Ville de Gatineau
Masson walking tour: the hub of the wood sector
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Masson walking tour: the hub of the wood sector
Masson walking tour: the hub of the wood sector

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Walking tour Masson, the hub of the wood sector

The mouth of a big river feeding into the trade route that was once the Ottawa River, or a portage detour forced by rapids was just the place for a fur trading outpost. It is therefore hardly surprising to learn that a small fort once stood at the mouth of the Lièvre River, on its east side, in the early days of the English system. But by around 1800, when the North West and Hudson's Bay companies were facing off against each other, it was no longer there.

Ports from which wood is shipped always spring up at such confluences. The case of Masson, at the mouth of the Lièvre River, which at the time was called the Bassin de la Lièvre, or simply the Bassin, is original because the sites where the wood was processed for shipment were in Buckingham, further upstream, unlike Hull, where the port and sawmills were co-located. The effervescence that sparked the birth of the village in the late 19th century stemmed from the shape of the Lièvre River in that spot, where it forms a large placid basin.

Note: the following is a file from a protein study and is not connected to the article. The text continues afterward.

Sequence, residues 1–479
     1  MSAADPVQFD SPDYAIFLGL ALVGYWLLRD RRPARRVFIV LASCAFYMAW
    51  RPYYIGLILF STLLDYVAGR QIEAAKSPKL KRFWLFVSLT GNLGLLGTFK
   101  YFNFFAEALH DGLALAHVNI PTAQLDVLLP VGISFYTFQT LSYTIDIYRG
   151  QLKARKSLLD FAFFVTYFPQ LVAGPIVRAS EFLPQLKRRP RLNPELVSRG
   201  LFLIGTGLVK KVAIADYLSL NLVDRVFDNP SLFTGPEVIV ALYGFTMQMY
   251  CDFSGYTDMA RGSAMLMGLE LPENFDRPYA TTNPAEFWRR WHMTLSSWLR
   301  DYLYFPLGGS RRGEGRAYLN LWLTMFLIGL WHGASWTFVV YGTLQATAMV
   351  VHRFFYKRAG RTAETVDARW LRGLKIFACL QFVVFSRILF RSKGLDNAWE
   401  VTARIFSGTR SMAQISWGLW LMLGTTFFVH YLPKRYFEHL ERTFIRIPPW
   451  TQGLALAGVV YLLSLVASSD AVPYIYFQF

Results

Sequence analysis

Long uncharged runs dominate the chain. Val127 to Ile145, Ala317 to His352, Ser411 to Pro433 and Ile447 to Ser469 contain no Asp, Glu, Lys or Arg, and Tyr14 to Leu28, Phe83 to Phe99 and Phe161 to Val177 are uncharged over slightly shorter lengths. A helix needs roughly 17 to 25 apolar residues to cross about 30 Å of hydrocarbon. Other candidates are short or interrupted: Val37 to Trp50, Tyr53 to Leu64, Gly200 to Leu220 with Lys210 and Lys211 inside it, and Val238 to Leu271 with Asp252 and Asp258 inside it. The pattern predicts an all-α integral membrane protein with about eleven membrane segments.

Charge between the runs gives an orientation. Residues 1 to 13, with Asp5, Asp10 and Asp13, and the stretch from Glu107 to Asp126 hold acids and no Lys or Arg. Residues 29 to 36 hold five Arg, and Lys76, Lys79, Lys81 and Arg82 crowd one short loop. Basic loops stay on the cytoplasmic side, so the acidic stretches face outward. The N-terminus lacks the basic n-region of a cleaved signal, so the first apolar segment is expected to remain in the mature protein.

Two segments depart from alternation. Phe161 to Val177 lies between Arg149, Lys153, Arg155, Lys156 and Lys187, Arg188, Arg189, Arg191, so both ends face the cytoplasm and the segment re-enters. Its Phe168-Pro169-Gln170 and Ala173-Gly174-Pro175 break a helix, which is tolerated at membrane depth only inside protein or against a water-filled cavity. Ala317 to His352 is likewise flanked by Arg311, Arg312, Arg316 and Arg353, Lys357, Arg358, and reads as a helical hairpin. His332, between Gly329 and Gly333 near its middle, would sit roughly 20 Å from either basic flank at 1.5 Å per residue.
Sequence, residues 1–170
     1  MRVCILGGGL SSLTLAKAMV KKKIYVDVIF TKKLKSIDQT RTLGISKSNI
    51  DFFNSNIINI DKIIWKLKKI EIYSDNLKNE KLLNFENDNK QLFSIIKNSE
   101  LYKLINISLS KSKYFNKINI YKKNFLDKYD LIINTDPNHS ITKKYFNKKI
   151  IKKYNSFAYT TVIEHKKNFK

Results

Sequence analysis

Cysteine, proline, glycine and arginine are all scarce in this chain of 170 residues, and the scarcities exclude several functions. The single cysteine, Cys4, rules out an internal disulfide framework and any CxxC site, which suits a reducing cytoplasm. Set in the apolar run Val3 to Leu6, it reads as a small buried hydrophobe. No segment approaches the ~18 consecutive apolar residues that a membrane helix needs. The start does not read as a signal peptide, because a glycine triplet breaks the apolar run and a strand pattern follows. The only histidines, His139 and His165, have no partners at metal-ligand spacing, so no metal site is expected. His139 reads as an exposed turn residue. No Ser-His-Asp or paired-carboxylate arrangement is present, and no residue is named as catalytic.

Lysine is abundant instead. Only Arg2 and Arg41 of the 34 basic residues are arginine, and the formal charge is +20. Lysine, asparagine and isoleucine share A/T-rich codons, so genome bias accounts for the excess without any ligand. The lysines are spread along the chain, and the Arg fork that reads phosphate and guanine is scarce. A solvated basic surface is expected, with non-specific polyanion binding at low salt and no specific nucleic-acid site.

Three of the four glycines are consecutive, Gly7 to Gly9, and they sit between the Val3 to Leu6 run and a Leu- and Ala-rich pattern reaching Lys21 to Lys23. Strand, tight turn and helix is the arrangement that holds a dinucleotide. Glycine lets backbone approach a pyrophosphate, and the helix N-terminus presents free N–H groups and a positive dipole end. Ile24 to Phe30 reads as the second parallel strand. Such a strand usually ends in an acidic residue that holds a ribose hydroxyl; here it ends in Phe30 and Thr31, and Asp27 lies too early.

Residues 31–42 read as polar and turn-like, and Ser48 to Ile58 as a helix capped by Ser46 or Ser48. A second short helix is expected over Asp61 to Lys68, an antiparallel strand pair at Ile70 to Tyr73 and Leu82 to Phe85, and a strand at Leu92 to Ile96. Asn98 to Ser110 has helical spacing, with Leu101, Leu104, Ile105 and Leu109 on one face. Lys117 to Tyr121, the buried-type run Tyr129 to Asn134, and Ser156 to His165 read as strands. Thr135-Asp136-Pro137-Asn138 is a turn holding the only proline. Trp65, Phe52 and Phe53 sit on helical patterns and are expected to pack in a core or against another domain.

Ideal for floating and assembling squared timber into cribs and then rafts, the Bassin, after which the community was first named, later became a natural harbour for the barges onto which the dried milled wood was loaded and then shipped east or to the United States. The role of Masson─originally called Le Bassin─as a hub would be strengthened by the arrival of the railway: because the steep slope prevented the laying of railway tracks along the Lièvre River, Masson became the main station in the region.

This village, which was originally built by a seasonal working population that was vulnerable to shifting economic conditions, would catch its second wind with the construction of a paper mill and a hydro plant. The presence of these giants was a tremendous windfall for the village, enabling it to survive the devastation of the fire that broke out in 1930.

Coordination: Sonia Blouin, Ville de Gatineau
Writing: Manon Leroux, historian
Research: Gérald Charron, Manon Leroux and Michel Riberdy
Translation: Katalin Poor, Traduction Al Punto
Editing: Michel Bédard, Ville de Gatineau
Photos: Ville de Gatineau
Photo 4: Les commerces et entreprises de chez nous, fascicule du centenaire de la paroisse Notre-Dame-des-Neiges de Masson, no 11, 1989
Photo 10: Servants of Jesus and Mary
Photo 11: Buckingham Historical Society, collection Jean-Bastien

Bibliothèque et Archives nationales du Québec
BAnQ-Gatineau, fonds James Maclaren Company, photos Rodolphe Léger
Photo 1: Les cours à bois du « Bassin » à Masson et l'église Notre-Dame-des-Neiges en arrière-plan, vers 1890 (P117, S1, SS1, D28, P24)
Photo 2: Transport et entreposage du bois, en billots ou scié, sur la rivière du Lièvre, vers 1890 (P117, S1, SS1, SSS2, D3, P1)

About Gatineau

Recognized for its quality of life, Gatineau is a city of 292,000 inhabitants. It is located on the north shore of the Ottawa River, and extends east and west of the Gatineau River.

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